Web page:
Paranormal State, “Hide & Seek”

Paranormal State, “Hide & Seek”

Now that Ghost Hunters has gone on its mid-season break, I was casting around for some more entertainment.  Having never watched Paranormal State, I picked an episode at random and sat down to see what it had to offer.


Ghost Hunters has really become the benchmark for TV shows about ghosts.  I tried hard to set aside all of that, and watch Paranormal State on its own terms.  I was moderately successful at this.


Paranormal State occupies that strange middle ground on the continuity between “totally real” and “totally fake.”  From what I gleaned online, the homeowners are real people, the investigators are real investigators, and the scenes are not “creative re-enactments.”  That being said, the people on screen seemed very stiff, and their dialogue often seemed forced.  Not unlike what you might see on, say, Unsolved Mysteries.


The conceit of the show is that Penn State’s Paranormal Research Society travels around the countryside to investigate hauntings.  College kids?  Really?  I spent an inordinate amount of time wondering what these kids were studying, and whether they were skipping class for this.  Shouldn’t they be at home writing papers or something? 


The youth of the players also works against their credibility.  For me, anyway.  But then again, I’m 38.  Apparently the show is meant to target a younger demographic. 


In this episode, the team investigates a spooky Victorian house in Indiana.  The family has had a lot of odd things happen after they started renovations.  (The discerning ghost hunting-watching audience will note that renovations often kick up ghosts, along with plaster dust.)  I’m not very convinced by reports of electrical problems in a house that old, but whatever.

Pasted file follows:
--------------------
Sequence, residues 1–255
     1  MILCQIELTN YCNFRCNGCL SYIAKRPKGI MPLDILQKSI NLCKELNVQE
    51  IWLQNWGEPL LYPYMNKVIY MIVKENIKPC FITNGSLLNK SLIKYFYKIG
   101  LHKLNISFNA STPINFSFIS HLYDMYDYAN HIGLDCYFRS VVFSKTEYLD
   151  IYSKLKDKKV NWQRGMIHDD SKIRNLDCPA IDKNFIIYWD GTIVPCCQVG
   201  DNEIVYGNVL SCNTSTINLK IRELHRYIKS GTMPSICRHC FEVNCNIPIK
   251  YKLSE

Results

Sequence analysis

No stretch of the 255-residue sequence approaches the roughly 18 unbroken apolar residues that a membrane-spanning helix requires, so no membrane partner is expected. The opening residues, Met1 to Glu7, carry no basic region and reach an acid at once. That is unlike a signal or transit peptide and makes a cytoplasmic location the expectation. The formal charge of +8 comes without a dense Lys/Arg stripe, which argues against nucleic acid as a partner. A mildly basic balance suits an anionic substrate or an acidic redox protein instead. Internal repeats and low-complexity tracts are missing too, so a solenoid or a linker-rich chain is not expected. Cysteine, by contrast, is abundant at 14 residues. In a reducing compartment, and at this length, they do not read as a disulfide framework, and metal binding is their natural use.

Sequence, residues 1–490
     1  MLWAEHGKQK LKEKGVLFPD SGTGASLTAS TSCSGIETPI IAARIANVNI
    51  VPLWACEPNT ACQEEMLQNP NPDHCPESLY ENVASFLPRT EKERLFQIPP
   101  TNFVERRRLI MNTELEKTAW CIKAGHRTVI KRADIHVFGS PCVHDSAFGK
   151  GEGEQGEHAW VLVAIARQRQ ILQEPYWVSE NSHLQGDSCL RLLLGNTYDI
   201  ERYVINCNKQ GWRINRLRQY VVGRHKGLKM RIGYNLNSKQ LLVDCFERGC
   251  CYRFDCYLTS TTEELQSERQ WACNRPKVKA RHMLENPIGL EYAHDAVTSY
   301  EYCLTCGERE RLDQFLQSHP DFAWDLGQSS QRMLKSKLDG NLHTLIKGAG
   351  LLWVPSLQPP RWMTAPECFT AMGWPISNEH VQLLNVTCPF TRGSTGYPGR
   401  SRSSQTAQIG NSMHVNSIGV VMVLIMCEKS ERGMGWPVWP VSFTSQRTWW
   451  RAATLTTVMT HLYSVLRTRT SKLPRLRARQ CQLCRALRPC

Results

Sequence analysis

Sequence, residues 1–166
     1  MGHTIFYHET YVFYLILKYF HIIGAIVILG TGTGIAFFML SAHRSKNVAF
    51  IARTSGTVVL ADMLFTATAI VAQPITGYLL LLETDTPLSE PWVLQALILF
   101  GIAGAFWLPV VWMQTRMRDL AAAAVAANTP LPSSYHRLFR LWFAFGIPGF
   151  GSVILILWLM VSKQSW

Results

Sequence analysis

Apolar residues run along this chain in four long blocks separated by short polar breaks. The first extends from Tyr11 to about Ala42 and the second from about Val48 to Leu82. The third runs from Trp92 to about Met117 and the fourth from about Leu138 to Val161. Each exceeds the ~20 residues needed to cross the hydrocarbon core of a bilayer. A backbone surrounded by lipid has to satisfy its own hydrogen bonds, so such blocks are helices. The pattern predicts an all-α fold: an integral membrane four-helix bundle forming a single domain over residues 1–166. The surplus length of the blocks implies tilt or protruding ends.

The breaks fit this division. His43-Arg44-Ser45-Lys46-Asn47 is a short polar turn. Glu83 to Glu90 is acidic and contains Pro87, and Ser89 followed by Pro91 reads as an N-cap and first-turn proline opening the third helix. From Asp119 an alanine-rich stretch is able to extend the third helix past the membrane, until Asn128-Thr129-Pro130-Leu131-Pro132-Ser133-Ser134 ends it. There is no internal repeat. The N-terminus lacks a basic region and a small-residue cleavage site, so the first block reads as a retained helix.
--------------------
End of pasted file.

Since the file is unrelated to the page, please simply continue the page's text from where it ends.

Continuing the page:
The house, which was used by smugglers during the Prohibition era, is really awesome.  It’s chock full of secret compartments, mysterious basement rooms, a lot of odd history.  And all the upstairs rooms have locks on the outside, which is a little disturbing.


About halfway through the episode they drag in a psychic.  “I’m feeling trap doors,” she says, waving her hand over the basement where we know there are trap doors.  Was she prepped?  Everything she says is far too pat.  She gives a story about a little girl lured to a secret basement room, where she died.  The homeowner explains that during the renovations she found a collection of a little girl’s things in a hidden room.


The psychic also says she senses George (an evil old man) and Abigail (who is maybe the little girl, or maybe a schoolteacher, I wasn’t quite sure).  A team-member proceeds to the local library, where she learns that an Abigail did live in the house.  As did a George, who ended up being committed to a mental hospital for “a nervous disorder.”


This was all way too pat for me.  Particularly coming from a psychic, you know?  Psychics are never that accurate.  I smell pre-show prepping.


At any rate, this was a reasonably interesting episode.  Nothing very spectacular happened in the way of evidence, although a team-member did have some kind of scripted psychic meltdown at the end as the team tried to coax Abigail to move on into the light.